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Microsoft SQL Server Databases

You must install client software to access the version of Microsoft SQL Server you are using. Refer to Microsoft documentation for details. You can use any edition of Microsoft SQL Server, including Express.

Genesys uses ODBC client software to access all supported versions of MS SQL. On Windows, ODBC software is provided as part of the operating system setup. On the Linux operating system, a Genesys installation must use MS SQL ODBC 13.0 client software to access all supported versions of MS SQL. For the Windows platform, you can use the alternative version described in Using an Alternative Version of ODBC Client Software, below.

Using Microsoft Client Software

Genesys uses TCP/IP as a way to access Microsoft SQL Server. When installing Microsoft SQL Server and/ or Microsoft client software, make sure that Server and Client are using TCP/IP. Dynamic ports are not supported; you must configure the server to listen on a fixed port (1433).

You can access default instances or named instance (including Express) of Microsoft SQL Server. To use a default instance, set the following parameters of the Database Access Point:

dbengine = mssql
dbserver = <sql server host>
dbname = <database name>
username = <user>
password = <password>

If a named (non-default) instance is used, the dbserver parameter must be specified in the format:
dbserver = <sql server host>\<named instance>

Or for the Microsoft SQL Express edition:
dbserver = <sql server host>\sqlexpress

Management Framework Components on Windows

  • The MS SQL connection is made using ODBC, by default. In legacy environments, the connection can be made using the MS SQL 2005 Server Native Client driver, if it is installed.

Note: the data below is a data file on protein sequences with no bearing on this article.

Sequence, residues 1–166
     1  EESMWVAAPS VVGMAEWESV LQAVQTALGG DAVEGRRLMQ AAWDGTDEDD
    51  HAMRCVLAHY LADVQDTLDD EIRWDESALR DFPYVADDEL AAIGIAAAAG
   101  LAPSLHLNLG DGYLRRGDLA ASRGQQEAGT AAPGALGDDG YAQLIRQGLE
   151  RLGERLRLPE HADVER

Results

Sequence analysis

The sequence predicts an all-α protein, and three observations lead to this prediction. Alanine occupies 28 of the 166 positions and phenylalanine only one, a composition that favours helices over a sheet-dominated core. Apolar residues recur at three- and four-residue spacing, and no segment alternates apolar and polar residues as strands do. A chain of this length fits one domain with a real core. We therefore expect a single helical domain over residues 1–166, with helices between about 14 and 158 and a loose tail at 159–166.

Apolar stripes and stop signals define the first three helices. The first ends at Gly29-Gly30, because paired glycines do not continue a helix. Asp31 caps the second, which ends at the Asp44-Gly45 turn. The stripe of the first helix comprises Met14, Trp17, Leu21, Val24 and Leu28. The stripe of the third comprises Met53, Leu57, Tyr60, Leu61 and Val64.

• To work with MS SQL databases, Configuration Server and Message Server require Microsoft Data Access Components (MDAC) version 2.8 or later.
  • For 64-bit platforms, Genesys provides an alternative version of the dbclient that can be used on Windows 2012. See Using an Alternative Version of ODBC Client Software.

Management Framework Components on Linux

On the Linux operating system, you must install and configure access to ODBC driver software provided by Microsoft, and ensure that dbclient_msql_64 is available, as follows: On the hosts that will be using this component, install the database client software and make it available for the component. To support MS SQL 2017 Server on Linux, odbcinst.ini and odbc.ini files must be configured and copied to /etc directory regardless of their initial location. The sample configuration for ODBC driver version 13.1 is as follows:

odbcinst.ini

[SQL Server]
Description=Microsoft ODBC Driver 13 for SQL Server
Driver=/opt/microsoft/msodbcsql/lib64/libmsodbcsql-13.1.so.1.0